4. Changing patterns of morbidity. With the aging of the population, the trend towards an increase in the prevalence of chronic disease is likely to increase the need for home care. With stable chronic disease this will have most impact on nursing services. Unstable chronic conditions will require more services from physicians.
  5. The economics of medical practice. Caring for a patient at home involves the physician in time consuming activities, many of which, like phone calls, team meetings and travel, are not remunerated. Since they do not provide continuing care, and usually refer seriously ill patients to hospital, house call agencies are not at this disadvantage. The home care provided by physicians is, therefore, often being done at a loss to themselves, a situation likely to put a brake on development. In Ontario, the potential remuneration for a home visit was increased by the addition of the category "House Call Assessment" to the 1991 fee schedule.
  6. The organization of medical care. Family physicians can only offer home visits for patients living within a reasonable distance from their offices. When home visits were declining, practices tended to become geographically dispersed, thus putting many patients out of reach of home visits. When patients join a practice there may be no clear understanding as to whether the doctor will do home visits if it becomes necessary. If home care is to become integral to medical practice, some geographical concentration will be necessary, as well as a clear understanding by patients of what they can expect. Group practice may enhance family physicians' ability to do home visits, by ensuring coverage of patients in the office and in hospital while home visits are being done. Some home medical care can be provided by specialized services operating from a hospital base. Oncologists can provide cancer chemotherapy, infectious disease specialists, intravenous antibiotics, and so on. The result, however, is likely to be a fragmentary organization, appropriate only for certain specific needs. The ideal organization for home visits, in our view, is one which integrates nursing, medical and social services, and services by the patient's own family physician and the appropriate specialists. Commercial home visit services have recently emerged in Ontario cities. Since these provide no continuity of care, and act in isolation from hospitals, home care programs and family physicians, they will, in our view, make little contribution to developments in home care.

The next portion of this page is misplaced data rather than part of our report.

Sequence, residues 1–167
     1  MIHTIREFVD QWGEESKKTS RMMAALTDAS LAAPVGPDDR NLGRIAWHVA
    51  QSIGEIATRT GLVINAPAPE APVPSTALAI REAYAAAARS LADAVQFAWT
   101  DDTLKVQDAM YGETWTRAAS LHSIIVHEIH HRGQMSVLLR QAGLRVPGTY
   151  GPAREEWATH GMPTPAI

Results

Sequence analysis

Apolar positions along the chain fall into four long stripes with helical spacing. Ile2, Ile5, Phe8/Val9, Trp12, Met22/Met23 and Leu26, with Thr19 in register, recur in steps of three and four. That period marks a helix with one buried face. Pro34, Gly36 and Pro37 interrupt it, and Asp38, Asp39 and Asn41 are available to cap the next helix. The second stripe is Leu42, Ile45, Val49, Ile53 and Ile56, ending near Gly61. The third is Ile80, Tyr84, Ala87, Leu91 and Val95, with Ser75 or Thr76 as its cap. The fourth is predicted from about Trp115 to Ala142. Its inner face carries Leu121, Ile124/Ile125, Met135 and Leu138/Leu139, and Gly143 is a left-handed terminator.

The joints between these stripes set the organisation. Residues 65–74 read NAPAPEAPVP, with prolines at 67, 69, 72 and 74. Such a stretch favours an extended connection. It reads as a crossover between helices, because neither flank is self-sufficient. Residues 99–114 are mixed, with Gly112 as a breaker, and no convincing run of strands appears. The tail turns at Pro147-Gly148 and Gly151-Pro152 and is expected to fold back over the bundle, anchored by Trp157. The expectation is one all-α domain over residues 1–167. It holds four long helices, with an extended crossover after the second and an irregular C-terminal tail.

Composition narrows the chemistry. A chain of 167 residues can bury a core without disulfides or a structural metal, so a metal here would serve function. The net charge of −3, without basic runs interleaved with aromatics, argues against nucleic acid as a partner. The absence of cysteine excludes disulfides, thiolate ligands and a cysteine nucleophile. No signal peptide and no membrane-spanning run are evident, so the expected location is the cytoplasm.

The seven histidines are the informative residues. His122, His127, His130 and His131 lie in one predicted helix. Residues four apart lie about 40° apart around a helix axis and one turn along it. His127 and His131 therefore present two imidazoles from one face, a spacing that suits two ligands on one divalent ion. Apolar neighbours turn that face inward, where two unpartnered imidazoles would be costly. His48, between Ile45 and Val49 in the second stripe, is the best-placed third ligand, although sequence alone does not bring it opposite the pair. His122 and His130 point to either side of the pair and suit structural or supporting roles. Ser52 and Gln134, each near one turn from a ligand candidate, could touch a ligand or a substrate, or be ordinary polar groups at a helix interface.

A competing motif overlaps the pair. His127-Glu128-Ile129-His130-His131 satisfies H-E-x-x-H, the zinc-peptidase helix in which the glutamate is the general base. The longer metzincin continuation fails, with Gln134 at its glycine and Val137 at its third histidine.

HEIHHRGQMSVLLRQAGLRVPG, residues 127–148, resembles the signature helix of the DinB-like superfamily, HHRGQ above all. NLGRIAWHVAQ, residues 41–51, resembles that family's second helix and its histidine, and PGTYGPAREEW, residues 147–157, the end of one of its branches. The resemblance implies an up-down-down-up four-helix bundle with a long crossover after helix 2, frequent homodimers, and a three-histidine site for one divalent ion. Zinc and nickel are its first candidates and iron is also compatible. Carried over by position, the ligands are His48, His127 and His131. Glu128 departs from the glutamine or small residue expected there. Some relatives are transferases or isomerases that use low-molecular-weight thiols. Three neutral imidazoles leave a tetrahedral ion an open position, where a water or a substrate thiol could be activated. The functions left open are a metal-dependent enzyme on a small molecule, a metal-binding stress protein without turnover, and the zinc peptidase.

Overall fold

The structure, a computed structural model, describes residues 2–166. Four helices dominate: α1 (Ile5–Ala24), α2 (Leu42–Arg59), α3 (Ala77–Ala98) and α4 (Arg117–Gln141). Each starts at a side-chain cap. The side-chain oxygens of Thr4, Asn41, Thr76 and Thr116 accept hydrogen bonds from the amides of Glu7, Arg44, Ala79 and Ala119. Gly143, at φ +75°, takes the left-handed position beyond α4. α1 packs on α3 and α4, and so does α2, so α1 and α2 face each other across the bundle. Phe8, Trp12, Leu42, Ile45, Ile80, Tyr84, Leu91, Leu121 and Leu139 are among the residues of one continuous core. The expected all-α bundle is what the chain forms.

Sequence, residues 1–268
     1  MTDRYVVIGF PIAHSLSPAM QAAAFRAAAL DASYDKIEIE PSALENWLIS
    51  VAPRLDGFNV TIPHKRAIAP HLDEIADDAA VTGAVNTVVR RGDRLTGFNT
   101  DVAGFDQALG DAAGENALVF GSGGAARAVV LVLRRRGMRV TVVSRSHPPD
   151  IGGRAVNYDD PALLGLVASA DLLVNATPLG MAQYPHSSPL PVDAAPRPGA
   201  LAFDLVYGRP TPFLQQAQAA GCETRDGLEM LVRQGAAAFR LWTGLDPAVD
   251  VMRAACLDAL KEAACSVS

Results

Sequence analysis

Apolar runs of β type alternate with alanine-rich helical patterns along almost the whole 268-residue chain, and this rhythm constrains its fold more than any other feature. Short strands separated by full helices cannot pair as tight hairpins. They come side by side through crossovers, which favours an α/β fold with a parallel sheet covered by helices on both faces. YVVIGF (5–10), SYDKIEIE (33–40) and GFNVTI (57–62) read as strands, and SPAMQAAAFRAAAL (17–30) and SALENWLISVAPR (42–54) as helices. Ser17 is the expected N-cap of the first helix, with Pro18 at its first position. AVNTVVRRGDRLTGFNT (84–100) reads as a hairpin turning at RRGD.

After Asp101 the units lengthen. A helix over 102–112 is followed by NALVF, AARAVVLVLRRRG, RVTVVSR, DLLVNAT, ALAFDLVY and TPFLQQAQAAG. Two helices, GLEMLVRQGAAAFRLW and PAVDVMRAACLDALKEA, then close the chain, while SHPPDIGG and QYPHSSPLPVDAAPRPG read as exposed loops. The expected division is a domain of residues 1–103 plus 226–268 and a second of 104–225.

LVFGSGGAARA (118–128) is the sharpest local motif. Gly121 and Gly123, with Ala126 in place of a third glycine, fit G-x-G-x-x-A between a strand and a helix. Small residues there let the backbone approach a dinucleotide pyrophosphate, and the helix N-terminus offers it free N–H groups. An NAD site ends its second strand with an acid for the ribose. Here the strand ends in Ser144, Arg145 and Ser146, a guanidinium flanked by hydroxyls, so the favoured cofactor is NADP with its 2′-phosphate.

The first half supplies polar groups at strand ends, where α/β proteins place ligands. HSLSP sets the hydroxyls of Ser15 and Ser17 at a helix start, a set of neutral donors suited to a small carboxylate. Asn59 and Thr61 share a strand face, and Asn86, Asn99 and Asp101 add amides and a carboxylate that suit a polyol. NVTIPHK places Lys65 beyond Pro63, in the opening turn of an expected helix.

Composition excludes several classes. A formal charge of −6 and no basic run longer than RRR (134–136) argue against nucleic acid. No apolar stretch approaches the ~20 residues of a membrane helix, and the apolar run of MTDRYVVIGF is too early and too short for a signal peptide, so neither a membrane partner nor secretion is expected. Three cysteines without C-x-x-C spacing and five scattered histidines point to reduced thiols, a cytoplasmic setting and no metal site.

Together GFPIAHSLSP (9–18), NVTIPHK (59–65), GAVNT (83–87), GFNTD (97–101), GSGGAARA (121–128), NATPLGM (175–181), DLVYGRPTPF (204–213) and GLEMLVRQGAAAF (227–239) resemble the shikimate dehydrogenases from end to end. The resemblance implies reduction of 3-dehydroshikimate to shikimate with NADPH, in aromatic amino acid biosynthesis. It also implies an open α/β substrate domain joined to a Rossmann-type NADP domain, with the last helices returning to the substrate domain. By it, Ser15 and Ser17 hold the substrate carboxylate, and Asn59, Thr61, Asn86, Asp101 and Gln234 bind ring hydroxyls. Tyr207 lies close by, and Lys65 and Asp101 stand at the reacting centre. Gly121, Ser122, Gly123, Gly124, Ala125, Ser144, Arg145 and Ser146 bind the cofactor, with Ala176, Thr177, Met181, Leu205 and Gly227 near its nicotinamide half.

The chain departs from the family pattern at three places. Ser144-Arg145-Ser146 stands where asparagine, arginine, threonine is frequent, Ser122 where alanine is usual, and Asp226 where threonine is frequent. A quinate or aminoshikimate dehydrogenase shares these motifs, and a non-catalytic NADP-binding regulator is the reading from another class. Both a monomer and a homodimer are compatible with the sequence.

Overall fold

7. The education of physicians. The concentration of medical education in the hospital has tended to produce physicians who are ill prepared to care for patients in their homes. Even family medicine residency programs have been slow to emphasize training in home care. If this is not to act as a brake on development, medical schools will need to produce graduates who expect to care for patients at home and feel confident in their ability to do so.
  8. Physicians can make little impact on home care unless they are part of an organization, as they are in the hospital. Home care programs and "hospitals at home" are examples of such organizations. Whether these organizations are able to develop will depend on the resources allocated to them. Ultimately, therefore, the future of home care, and the physician's role in it, depends on policy decisions made by the provincial government.

* All the sources of data identified home visits separately from visits to patients in nursing homes.